“Have you ever heard of Alexandra Tolstoy?”
Responding to this question with a bit of a blank stare, my friend flourished his smartphone and began showing me a few pictures from Tolstoy’s Instagram page. One was of Tolstoy and her small daughter posing hand-in-hand. “Cute dress,” I responded.
“My wife loves following her,” my friend explained, searching for a few more photos to help me see why Tolstoy was such a hit. Then he turned his phone around and showed me another picture. I glanced at it, then let out an involuntary happy sigh as I looked at the scene shown below:
It was so idyllic. So cheerful. So carefree. So… peaceful. Needless to say, I started paging through her Instagram page on my own and let out several other happy sighs over children reading in bed...
working on handicrafts…
and just hanging out and having fun together like good siblings.
Given the size of her Instagram page, I would wager I’m not the only female to ever let out happy sighs over the pictures Tolstoy regularly displays. Often tagged with #childhoodunplugged, the glimpses into Tolstoy’s life are a far cry from those many of us experience on a daily basis.
Instead of frenetic shuttling to sports and ballet, her children entertain themselves at home.
Instead of Nike shoes and the latest glitz and glamour outfit which American superstars seem to dictate children must wear, she dresses her children in classic styles which ooze with the innocence of childhood.
Instead of sitting around playing videogames and starring at the iPad, her children are playing outdoors or gathering around books.
To be sure, the image Tolstoy portrays on Instagram is likely not as idyllic as it seems. Her past seems a bit messy, and as with any public figure, one can’t help but wonder how much influence professional PR plays in external imaging.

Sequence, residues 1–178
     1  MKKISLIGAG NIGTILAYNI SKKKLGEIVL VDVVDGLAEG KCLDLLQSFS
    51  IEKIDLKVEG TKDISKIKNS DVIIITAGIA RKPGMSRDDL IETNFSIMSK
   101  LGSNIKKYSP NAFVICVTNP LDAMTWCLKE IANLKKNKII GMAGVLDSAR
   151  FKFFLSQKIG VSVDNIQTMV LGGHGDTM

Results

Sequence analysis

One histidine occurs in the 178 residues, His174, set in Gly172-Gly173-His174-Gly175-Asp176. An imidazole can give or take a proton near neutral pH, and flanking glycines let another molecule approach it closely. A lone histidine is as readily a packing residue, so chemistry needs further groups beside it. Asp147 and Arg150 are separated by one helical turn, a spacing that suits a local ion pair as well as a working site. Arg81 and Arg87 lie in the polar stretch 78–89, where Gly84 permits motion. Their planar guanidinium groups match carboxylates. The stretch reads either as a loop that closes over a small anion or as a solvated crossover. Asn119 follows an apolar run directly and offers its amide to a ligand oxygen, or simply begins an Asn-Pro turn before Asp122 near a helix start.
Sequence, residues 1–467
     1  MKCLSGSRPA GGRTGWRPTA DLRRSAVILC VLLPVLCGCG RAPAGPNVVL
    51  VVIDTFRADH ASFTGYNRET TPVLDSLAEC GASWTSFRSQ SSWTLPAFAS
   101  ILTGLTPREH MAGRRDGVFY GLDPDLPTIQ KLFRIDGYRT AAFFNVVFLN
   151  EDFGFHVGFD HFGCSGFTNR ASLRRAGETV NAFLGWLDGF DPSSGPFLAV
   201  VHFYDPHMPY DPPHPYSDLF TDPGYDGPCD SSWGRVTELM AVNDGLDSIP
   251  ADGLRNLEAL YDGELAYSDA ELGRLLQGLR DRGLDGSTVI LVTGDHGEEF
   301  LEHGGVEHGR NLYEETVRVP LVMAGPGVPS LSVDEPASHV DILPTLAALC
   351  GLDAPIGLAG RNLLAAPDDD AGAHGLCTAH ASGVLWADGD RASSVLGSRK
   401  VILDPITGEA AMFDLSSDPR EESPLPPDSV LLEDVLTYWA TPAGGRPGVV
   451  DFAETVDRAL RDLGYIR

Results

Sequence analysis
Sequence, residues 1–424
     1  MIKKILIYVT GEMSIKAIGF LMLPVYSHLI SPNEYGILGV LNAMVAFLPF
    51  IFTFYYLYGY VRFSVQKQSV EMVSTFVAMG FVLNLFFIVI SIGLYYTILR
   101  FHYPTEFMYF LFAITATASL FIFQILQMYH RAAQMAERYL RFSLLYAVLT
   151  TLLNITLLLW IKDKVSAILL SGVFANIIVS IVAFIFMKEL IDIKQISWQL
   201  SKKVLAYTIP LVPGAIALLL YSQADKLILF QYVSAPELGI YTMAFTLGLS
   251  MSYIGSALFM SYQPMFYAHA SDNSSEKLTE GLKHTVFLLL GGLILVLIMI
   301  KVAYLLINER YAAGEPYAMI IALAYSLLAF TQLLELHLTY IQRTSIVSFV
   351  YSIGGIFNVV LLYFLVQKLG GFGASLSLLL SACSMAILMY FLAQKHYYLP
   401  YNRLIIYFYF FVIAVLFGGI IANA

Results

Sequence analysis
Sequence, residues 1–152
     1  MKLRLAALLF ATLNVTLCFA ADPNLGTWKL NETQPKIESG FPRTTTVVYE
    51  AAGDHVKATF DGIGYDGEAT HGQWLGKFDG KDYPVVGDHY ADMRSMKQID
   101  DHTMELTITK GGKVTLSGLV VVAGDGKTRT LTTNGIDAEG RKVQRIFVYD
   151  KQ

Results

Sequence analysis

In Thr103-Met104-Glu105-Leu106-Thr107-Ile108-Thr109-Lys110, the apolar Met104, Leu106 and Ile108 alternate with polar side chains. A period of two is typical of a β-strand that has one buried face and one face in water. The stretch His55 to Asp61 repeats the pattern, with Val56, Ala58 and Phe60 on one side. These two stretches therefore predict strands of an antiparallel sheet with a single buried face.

Regardless, she seems to have tapped into something important. Her images portray the simplicity and the peacefulness that we all secretly crave for ourselves and our children, but feel we never can attain in our fast-paced modern world. Instead, we pressure ourselves to keep up with the Joneses, immersing ourselves in every activity that comes along, projecting our alleged importance by our busy schedules and adeptness with modern life.
But are those who choose the path of simplicity some of life’s wiser individuals? An essay written by Englishman Benjamin Hoadly and published by Benjamin Franklin in the 1732 edition of The Pennsylvania Gazette suggests such is the case. He notes:
To prove the natural Charm and Beauty there is in this Simplicity, we need only, at this Day, as false as the World is grown, retire but far enough from great Cities, the Scenes of all worldly Business and Action; and, I believe, the most cunning Man will be obliged to own, the high and sincere Pleasure there is in conversing from the Heart, and without Design. …
But perhaps we need not be forced always to go into the Country in search of this amiable Complexion of Mind, Simplicity; for I believe it will be found sometimes, that the Men of the truest Genius and highest Characters in the Conduct of the World, (as few of them as rise in any Age) are observed to possess this Quality in the highest Degree.
The interest in Alexandra Tolstoy and the apparent simplistic lifestyle she has her children lead hint at the great longing many of us have for a simpler, less frenetic life. The question is, do we have not only the “genius” to adopt such simplicity, but also the guts to swim against the tide of a chaotic culture that demands busyness, noise, and continual connection?